The owners of the Miami Family Medical Centre in Queensland believed that they had covered all their bases and that they had a good system in place but, apparently, they were wrong.
"We've got all the antivirus stuff in place - there's no sign of a virus. They literally got in, hijacked the server and then ran their encryption software," commented David Wood, one of the co-owners of the medical institution.
Still, he maintains, the data hasn't been stolen - just encrypted, a fact that currently makes the operation of the centre very difficult.
The centre has called in an IT contractor to assess the situation and restore a backup of patient records. In the meantime, the server with the encrypted data has been taken offline.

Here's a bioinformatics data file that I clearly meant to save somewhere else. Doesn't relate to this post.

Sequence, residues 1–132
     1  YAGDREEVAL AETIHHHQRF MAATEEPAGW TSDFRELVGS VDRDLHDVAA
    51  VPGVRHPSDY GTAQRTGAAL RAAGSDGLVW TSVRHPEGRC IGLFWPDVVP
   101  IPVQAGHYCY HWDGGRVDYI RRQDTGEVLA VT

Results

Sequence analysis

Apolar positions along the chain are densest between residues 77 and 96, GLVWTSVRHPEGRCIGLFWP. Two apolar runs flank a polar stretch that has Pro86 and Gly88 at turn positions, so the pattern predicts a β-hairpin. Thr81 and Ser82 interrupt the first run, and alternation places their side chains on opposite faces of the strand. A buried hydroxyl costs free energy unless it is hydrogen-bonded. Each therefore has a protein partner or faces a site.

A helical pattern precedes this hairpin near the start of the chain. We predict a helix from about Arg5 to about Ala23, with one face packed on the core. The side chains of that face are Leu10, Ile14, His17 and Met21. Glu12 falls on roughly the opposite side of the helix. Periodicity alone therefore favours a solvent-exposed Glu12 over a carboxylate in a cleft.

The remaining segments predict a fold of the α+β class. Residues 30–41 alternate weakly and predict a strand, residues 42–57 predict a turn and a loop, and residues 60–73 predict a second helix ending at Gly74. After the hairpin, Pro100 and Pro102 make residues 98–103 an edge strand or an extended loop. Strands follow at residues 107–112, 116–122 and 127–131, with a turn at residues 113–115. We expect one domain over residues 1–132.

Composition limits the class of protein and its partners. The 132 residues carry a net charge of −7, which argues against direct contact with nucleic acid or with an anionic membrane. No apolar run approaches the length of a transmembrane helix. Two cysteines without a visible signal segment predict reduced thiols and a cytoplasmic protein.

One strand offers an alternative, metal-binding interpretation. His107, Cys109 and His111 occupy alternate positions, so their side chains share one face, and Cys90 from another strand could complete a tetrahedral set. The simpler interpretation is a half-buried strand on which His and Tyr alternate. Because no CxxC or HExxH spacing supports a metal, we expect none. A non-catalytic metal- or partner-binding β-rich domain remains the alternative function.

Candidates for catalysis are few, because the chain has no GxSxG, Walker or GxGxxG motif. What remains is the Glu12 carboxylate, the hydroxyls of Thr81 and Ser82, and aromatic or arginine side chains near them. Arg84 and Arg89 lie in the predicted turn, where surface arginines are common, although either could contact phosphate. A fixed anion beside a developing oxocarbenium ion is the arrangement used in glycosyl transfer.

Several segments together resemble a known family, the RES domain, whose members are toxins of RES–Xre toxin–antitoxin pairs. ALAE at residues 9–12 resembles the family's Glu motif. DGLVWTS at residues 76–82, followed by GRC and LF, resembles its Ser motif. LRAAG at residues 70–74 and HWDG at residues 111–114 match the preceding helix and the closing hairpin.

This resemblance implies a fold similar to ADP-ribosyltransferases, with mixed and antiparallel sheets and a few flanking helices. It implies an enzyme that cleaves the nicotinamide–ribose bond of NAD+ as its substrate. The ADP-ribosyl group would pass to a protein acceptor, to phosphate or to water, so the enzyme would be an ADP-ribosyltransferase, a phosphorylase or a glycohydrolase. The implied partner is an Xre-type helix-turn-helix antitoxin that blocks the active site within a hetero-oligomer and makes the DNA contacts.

It is still unclear whether the backup data has been also encrypted, but a comment from Wood might be an indication that it has, as he warned other businesses to check their IT security and not to leave backups connected to servers.
If that's the case, it is possible the centre will have to pay the ransom in order to get their hands on the data sooner rather than later. Still, even that is not a guarantee.
"They might follow it up saying they want another payment or partially decrypt some of the information," pointed out IT security expert Nigel Phair, who says that the identities of these type of hackers - predominantly located in Eastern Europe - are difficult and to uncover, and their modus operandi usually consists of asking low ransom prices in order to increase their chances of collecting the money.